Also, plenty of people start and/or finish nursing school sure that they know what specialty they want to pursue only to find, after they've been in Nursing World for a while, that they're more interested in something else entirely. Most people are entirely unaware of the vast array of career paths and roles available within nursing until they're in nursing. I've known a few people (and I'm sure the fe individuals I've known personally are not the only people who've ended up in this situation) who either entered nursing through a direct-entry MSN program or rushed into grad school right after basic nursing school who ended up finding out, after they had acquired an expensive graduate degree and the career path to go with it (and student loans to pay for it), that they didn't like doing what the degree had prepared them to do. Graduate degrees in nursing, unlike "regular" nursing school, pretty much lock you into a specific professional role/path. I think it's a mistake to commit to a particular role in nursing until you've really had an opportunity to see what all is "out there" and whether you really like, in real life, what you thought you would like before you got any actual experience.
And plenty of us do go back to school later -- I went to grad school years after I first graduated and got licensed (when I got to the point that I felt I had done all I could do as a staff nurse in my specialty, and moving into advanced practice was the next obvious step).
Jan 30, '13
Prepare yourself for a steeper learning curve the first year to year and a half.I've seen it done by a peer of mine at a previous clinic. Smart gal, but smarts doesn't measure up to tacit knowledge learned in the field.After that first year she was solid. Still with weak points but definitely had a handle on things.Best thing to tell you is to embrace your knowledge, or lack of, your first year out.Seek out answers to your questions. Don't be afraid to say "I don't know."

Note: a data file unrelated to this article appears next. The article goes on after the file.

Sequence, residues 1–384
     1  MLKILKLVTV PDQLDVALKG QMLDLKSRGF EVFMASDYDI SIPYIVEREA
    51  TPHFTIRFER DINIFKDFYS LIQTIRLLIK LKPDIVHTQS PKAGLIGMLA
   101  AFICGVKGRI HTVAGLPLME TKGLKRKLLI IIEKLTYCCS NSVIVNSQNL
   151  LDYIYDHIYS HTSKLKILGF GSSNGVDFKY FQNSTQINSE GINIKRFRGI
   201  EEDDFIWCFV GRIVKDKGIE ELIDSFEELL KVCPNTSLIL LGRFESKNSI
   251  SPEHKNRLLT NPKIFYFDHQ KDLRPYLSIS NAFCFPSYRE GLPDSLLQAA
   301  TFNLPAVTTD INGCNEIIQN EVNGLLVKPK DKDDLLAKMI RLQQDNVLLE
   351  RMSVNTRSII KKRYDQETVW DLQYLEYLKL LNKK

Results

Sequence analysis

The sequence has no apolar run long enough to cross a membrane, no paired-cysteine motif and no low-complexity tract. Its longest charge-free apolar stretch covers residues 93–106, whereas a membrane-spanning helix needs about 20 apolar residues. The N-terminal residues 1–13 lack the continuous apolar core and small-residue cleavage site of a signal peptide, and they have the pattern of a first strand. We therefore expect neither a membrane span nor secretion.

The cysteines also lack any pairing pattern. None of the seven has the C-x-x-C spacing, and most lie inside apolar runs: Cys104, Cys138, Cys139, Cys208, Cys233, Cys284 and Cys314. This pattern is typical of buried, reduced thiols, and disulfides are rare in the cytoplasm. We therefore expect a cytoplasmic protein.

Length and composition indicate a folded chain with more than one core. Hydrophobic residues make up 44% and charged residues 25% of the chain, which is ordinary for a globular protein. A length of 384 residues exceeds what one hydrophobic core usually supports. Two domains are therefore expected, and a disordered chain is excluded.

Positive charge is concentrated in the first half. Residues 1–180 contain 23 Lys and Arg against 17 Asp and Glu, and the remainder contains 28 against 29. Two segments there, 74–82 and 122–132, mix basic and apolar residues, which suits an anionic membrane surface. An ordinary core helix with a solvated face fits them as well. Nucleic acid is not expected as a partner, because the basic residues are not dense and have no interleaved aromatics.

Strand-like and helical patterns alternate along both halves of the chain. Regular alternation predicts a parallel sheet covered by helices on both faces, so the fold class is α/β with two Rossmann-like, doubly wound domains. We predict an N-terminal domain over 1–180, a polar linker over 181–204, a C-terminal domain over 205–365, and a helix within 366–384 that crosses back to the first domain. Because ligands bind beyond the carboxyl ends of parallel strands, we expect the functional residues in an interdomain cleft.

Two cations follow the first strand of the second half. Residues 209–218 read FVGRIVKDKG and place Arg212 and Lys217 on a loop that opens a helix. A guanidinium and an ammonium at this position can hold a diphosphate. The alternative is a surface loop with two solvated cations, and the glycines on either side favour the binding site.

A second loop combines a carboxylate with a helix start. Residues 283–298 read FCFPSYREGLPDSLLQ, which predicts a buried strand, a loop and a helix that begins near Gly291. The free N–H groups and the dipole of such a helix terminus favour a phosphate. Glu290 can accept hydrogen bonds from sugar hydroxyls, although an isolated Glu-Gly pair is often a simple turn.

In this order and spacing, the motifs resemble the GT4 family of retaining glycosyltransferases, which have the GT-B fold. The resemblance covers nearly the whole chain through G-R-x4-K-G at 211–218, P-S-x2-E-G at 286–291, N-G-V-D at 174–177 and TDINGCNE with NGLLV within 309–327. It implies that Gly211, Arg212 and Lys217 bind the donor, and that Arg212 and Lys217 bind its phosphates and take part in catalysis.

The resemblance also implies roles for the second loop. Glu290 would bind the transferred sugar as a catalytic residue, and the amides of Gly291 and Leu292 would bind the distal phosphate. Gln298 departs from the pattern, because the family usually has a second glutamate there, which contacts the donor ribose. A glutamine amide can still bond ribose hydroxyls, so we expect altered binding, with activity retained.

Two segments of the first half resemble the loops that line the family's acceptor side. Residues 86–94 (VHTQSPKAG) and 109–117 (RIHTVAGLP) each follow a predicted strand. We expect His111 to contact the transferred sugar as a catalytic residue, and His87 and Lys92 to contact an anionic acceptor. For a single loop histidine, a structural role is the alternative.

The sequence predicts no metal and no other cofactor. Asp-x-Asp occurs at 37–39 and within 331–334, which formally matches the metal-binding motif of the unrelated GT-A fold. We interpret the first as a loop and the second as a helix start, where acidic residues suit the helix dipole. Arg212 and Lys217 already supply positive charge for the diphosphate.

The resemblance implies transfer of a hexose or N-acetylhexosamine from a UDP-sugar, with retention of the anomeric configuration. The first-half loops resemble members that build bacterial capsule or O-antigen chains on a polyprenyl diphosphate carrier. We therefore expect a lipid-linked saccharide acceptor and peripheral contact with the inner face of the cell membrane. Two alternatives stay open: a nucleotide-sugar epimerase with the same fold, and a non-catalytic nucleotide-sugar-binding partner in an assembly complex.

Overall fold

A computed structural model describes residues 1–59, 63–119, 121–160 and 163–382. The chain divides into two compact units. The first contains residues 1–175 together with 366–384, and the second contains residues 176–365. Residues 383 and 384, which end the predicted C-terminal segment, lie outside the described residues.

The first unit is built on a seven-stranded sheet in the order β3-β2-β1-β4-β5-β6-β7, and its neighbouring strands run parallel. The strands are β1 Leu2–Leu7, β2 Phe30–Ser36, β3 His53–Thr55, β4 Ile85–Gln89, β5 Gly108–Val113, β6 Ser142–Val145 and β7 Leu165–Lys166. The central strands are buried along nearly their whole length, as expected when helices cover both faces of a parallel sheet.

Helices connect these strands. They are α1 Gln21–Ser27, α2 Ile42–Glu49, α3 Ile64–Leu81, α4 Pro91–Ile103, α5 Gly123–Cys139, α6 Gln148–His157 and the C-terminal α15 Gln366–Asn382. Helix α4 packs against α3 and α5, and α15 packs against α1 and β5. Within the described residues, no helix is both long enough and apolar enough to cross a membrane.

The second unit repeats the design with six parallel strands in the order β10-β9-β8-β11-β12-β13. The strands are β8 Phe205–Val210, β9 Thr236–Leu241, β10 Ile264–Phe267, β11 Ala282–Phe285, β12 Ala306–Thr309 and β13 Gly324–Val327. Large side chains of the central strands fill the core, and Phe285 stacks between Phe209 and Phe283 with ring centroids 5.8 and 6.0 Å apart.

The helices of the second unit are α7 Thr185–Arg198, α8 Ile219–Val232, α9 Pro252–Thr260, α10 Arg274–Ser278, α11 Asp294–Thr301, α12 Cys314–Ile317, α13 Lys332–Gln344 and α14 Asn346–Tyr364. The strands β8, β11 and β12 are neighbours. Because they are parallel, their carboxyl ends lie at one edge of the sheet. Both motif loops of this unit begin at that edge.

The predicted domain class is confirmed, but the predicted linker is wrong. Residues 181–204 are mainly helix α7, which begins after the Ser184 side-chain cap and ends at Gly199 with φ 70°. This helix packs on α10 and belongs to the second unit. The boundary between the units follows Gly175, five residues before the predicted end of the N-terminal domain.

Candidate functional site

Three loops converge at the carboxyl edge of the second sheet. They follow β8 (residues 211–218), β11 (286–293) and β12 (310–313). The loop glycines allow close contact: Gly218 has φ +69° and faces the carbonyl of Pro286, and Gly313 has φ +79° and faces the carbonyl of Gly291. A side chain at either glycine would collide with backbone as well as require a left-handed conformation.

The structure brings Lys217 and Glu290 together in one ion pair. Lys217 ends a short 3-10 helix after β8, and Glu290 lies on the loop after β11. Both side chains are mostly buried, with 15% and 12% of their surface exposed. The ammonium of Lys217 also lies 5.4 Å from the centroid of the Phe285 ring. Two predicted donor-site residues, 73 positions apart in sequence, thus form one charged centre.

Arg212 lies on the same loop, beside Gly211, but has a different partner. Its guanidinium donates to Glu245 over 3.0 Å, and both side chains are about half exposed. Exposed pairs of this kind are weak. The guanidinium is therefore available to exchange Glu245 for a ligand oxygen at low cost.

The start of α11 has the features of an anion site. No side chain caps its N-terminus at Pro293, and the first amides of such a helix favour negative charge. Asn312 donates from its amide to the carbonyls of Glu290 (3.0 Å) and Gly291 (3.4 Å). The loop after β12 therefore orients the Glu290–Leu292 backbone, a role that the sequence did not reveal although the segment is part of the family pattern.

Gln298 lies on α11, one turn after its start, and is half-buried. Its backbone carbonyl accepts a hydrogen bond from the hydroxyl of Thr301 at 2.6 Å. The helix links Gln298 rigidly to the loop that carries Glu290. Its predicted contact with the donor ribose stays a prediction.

Feb 2, '13
I completely agree with Elkpark. I work with a woman who only wanted to do CRNA school. It was the reason she went to nursing school and got a job in an ICU. Now after working in the ICU, she's realizing how much she loves working with the patients, which she wouldn't do as a CRNA. So, she is no longer sure what she wants to do. There is just no reason to rush into school. If you want to do it, you will. I work with 3 nurses who are in school and pregnant, one who is trying to get pregnant and starting school and another who is planning to start school after her baby is born. Managing life, school and work can be done if you want to do it.
Feb 4, '13
I know many people who always thought they would go back for their masters (or whatever) but never did because life/kids/family/etc. got in the way. If you're in the space where you can go get your advanced degree now, I would do it. You can always work as a floor nurse with your MSN, if you want to get the floor nurse experience. This happens very commonly around here. And I dunno that advanced degrees is nursing necessarily "lock" you in, I see a lot of NPs who are dually licensed, becauase they later decided to do something else. I think it takes about a year to get a postmasters certificate. I dunno. There are pluses and minuses either way, so consider how you see the trajectory of your career/life plans and go from there.